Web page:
The conducting strips are provided preferably on the non-conductive foil. The conducting strip is provided on the foil, e.g., by being pressed onto the foil or by being rolled in.

Advantageously, the cover foil is formed of an electrically conductive material, with the conductive strip being separated from the cover foil by an insulation layer. In order to provide for generation of an ignition spark in the region of the propellant between the electroconductive foil and the conducting strip, the first electrode of the setting tool should be brought into contact with the conducting strip and the second electrode of the setting tool should be brought into contact with the cover foil. The electrically conductive foil can be formed, e.g., of aluminum as a cover foil. A combination foil formed of insulated from each other, conductive and non-conductive materials, also can be used.

A spark, which slides over the surface of a propellant, is relatively inefficient, therefore, the propellant is ignited with difficulty. An improved ignition of the propellant is achieved by forming the propellant as a pressed element, e.g., as a pellet provided, in this region adjacent to the cover foil, with electrically conductive particles. As electrically conductive particles, e.g., graphite particles can be used. These particles present a smallest electrical resistance for the spark, so that the spark does not slide along the surface of the propellant through these particles. A spark, which is surrounded by the propellant, transmits to the propellant maximum energy.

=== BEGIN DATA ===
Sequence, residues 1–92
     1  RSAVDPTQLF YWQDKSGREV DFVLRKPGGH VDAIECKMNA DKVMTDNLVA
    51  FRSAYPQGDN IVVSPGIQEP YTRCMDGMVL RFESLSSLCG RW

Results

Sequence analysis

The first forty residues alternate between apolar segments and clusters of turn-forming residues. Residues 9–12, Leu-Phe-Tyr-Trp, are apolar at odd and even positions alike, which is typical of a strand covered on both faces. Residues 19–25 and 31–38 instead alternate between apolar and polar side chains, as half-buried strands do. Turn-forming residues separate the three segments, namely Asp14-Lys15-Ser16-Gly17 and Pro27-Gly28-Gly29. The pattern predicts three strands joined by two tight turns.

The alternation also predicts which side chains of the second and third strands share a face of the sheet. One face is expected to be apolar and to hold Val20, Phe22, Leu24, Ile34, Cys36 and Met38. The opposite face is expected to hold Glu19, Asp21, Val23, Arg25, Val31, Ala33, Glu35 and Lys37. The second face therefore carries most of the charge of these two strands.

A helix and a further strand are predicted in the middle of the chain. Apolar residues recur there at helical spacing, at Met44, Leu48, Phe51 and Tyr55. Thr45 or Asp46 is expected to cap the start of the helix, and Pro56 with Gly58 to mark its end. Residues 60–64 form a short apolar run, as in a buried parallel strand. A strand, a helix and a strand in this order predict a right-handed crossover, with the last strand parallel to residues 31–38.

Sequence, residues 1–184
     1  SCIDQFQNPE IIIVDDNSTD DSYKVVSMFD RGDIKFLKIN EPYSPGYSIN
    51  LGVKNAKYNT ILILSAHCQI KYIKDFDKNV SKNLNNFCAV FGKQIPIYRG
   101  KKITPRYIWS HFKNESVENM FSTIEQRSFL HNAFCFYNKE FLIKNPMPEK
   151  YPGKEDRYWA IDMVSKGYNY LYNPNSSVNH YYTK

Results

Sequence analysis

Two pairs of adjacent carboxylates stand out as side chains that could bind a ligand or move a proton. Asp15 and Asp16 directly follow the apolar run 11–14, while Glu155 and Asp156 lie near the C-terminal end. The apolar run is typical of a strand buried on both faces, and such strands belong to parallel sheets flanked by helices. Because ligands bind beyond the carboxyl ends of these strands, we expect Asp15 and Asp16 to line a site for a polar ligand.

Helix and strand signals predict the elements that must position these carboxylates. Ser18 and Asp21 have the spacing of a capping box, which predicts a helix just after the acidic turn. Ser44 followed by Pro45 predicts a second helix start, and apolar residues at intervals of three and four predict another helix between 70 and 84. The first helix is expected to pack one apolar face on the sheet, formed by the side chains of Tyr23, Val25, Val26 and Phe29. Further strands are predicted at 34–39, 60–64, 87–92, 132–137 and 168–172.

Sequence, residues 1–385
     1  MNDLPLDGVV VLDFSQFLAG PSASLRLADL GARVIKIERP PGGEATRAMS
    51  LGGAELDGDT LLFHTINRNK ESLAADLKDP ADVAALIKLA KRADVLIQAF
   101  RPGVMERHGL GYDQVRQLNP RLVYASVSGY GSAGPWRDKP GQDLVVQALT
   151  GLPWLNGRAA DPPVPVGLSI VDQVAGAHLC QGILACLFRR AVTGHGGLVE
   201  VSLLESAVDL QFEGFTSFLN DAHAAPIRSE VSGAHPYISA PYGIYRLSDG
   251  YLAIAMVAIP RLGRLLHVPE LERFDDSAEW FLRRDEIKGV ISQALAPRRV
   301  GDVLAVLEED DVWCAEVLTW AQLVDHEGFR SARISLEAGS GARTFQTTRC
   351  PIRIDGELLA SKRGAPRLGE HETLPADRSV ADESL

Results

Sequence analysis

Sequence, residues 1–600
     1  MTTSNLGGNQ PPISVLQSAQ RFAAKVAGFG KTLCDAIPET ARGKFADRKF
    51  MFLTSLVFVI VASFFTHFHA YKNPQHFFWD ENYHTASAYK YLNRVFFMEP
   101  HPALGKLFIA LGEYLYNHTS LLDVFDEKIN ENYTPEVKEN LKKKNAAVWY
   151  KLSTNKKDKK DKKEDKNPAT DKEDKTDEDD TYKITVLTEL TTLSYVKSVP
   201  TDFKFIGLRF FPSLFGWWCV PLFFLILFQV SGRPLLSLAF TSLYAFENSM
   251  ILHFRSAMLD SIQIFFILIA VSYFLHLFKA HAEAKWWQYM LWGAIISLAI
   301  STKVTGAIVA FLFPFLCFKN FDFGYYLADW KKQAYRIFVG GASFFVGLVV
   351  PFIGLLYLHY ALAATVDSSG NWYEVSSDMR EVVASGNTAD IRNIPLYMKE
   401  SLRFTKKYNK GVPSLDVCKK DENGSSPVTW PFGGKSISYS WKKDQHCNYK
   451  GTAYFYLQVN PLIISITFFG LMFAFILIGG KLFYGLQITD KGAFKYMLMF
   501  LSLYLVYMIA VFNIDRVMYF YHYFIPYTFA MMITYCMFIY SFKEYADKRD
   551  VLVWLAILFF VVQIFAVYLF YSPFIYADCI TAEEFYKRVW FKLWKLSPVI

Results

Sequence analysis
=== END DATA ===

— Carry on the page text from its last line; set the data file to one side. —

Advantageously, the pocket foil or the cover foil serves for receiving of a initiating composition. The initiating composition is secured to the pocket foil or the cover foil by being glued thereto. The gluing of the initiating composition to the cover foil facilitate the production of the propellant magazine as the initiating composition can be easily secured to the cover foil and be dried thereon. Also, the ignition of the propellant by using the initiating composition makes the ignition easy because the initiating composition is located next to the propellant, and the flame produced by the initiating composition is applied directly to the propellant.

A particular good ignition spark can be produced with a conducting strip that is interrupted in the region of an electrically conductive particle or in the region of the initiating composition.